One of the challenges of being a corporate executive or the owner of a business at Christmastime is whether to take on the role of Santa. This can be done without a red suit, a sleigh, elves, or jolly laughs. All it takes is gifts. Or not.
We know it’s the giving season. But it’s also the “expecting” season for many. It is the expectation of a company Christmas bonus, or gift.
In 2013, I had the privilege to attend one of Dave Ramsey’s EntreLeadership training programs. The Ramsey organization has developed a reputation over the years for some remarkably creative Christmas parties with wonderful gifts provided. Employees seem truly blessed.
I read an article recently on “The Best Christmas Bonus a Company can Give.” https://www.linkedin.com/pulse/article/20141117155924-283620963-the-best-christmas-bonus-a-company-can-give The author brings up some very good points about the risks of company organized Christmas parties. Do you charge, can the company afford to pay, and concern over employees getting out of hand when alcohol is served.
The main arguments raised against Christmas bonuses seem to involve expectations that develop over the years and it’s hard to stop giving them. Also, employees have their own ideas about what should be given. Cited was a Random House bonus a few years ago of $5,000 to each employee! Rare. Really rare.
With these concerns in mind, it is not surprising that a recent survey reveals that 59 percent of companies have stopped the practice of Christmas bonuses. So, why does the author suggest a “best Christmas bonus?” Because he’s not Scrooge, that’s why!
The simple solution offered was to give employees a day off. A surprise day off to do whatever you need to do during a busy Christmas season. It was recommended that when the employee comes in, the surprise is offered. I don’t like that. Who wants to get dressed up and come to work only to be told to go home? But I DO like the idea of the day off.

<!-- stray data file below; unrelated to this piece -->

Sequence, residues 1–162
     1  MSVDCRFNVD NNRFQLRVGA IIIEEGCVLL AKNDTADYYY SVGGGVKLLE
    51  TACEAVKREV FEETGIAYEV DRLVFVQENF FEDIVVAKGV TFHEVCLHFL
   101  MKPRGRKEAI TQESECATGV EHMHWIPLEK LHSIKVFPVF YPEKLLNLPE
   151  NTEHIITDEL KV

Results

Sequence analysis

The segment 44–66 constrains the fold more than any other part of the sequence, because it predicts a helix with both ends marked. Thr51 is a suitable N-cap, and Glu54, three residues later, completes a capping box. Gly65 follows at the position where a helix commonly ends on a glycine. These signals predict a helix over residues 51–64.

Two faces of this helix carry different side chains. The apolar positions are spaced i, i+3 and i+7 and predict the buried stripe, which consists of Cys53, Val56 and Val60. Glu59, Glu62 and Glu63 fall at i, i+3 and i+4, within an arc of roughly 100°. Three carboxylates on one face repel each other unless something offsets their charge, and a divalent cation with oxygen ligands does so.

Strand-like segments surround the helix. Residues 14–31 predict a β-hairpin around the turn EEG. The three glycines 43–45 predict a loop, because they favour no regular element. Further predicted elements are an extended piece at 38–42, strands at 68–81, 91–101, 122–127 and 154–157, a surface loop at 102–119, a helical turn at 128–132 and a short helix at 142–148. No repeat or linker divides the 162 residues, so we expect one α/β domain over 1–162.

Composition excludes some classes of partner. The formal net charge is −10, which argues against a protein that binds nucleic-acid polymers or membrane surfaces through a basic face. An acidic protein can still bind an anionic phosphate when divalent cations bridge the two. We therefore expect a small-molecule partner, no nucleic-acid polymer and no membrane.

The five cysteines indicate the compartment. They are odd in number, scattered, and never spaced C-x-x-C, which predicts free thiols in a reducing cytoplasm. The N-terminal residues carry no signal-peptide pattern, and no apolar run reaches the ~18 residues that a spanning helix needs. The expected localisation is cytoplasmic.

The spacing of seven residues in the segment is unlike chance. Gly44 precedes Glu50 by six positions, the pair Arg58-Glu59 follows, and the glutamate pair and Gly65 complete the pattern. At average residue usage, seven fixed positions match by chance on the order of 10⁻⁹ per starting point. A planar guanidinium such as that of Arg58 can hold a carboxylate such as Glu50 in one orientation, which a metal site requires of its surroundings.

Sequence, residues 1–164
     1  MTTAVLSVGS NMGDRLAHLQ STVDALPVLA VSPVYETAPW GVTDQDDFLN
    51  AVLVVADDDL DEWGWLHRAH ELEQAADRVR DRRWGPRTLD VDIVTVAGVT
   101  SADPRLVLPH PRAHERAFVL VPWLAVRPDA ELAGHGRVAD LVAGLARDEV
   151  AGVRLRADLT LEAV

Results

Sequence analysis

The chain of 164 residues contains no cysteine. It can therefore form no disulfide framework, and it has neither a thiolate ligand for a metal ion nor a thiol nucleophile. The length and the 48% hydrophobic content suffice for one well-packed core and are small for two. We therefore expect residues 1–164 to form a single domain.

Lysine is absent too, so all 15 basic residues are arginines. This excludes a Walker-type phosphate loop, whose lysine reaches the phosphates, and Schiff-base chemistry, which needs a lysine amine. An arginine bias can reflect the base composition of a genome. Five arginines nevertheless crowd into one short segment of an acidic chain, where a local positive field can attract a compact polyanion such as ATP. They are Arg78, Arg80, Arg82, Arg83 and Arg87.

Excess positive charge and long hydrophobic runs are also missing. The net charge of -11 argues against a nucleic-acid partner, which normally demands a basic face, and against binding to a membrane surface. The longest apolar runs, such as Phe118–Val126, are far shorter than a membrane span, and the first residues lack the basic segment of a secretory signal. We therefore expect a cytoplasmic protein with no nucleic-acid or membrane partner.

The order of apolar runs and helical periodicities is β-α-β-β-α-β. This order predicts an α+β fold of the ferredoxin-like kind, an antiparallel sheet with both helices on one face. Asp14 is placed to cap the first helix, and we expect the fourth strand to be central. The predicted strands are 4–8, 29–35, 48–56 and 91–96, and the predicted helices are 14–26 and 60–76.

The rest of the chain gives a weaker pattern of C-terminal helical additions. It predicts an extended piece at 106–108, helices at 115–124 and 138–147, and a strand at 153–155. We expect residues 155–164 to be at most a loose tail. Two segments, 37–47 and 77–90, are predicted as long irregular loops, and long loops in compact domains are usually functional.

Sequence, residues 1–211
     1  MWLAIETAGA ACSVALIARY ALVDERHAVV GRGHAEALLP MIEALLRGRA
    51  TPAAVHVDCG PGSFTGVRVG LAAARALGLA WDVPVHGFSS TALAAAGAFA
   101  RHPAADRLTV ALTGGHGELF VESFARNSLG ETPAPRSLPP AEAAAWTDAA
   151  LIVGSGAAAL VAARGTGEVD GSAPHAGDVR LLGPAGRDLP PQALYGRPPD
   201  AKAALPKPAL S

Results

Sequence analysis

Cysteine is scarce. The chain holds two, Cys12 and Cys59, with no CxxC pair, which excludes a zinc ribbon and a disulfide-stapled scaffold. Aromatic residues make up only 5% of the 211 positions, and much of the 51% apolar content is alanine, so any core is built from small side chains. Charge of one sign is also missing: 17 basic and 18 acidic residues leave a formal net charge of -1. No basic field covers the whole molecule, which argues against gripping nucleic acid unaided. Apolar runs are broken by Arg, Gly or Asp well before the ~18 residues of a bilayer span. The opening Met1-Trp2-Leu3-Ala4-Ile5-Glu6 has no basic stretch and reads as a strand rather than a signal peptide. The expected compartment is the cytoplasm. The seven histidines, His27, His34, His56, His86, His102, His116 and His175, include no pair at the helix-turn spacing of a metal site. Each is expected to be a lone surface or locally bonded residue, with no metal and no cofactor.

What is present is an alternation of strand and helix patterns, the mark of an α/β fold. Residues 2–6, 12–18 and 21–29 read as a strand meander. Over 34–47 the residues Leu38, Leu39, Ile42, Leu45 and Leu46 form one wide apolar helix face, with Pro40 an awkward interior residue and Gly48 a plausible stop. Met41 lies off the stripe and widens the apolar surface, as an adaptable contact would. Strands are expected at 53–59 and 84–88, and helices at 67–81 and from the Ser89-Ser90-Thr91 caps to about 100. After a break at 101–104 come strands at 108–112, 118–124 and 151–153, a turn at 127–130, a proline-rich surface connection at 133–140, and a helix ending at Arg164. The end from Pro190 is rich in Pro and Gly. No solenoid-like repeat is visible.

Maybe it’s not at Christmas time. Maybe it’s some other time when it’s really needed by the person. I’m sure there are plenty of complications for some companies to make this happen, but it is a reward everyone can appreciate.
What did Jesus say about giving? According to a verse in the book of Acts, we’re told this: “In all things I have shown you that by working hard in this way we must help the weak and remember the words of the Lord Jesus, how he himself said, ‘It is more blessed to give than to receive.’” (Acts 20:35, ESV) Jesus was the master of giving and expecting nothing in return.
That should be the true spirit of any Christmas bonus or gift. St. Nicholas clearly understood this. His generosity to children has built a tradition that even people with no serious spiritual interest still love to celebrate.
Someone has mistakenly given rise to the thought that Santa keeps a list of our rights and wrongs, making our gift receiving PERFORMANCE based. Bad idea. Terribly bad theology. God’s gift to us of his Son has no price tag involved. It’s a free gift…if we accept Jesus as a sacrifice for us.
If I were doing Santa training, I would have a signed agreement with a sentence that Santa must clearly understand that gifts from him come with no strings attached.
I think I would call it my … wait for it … Santa clause. Ho. Ho. Ho.
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Mark Elfstrand can be heard weekdays, 4-6 pm on AM 1160 WYLL in Chicago. Check the web for WYLL and the app for AM 1160 to listen live. Or by podcast.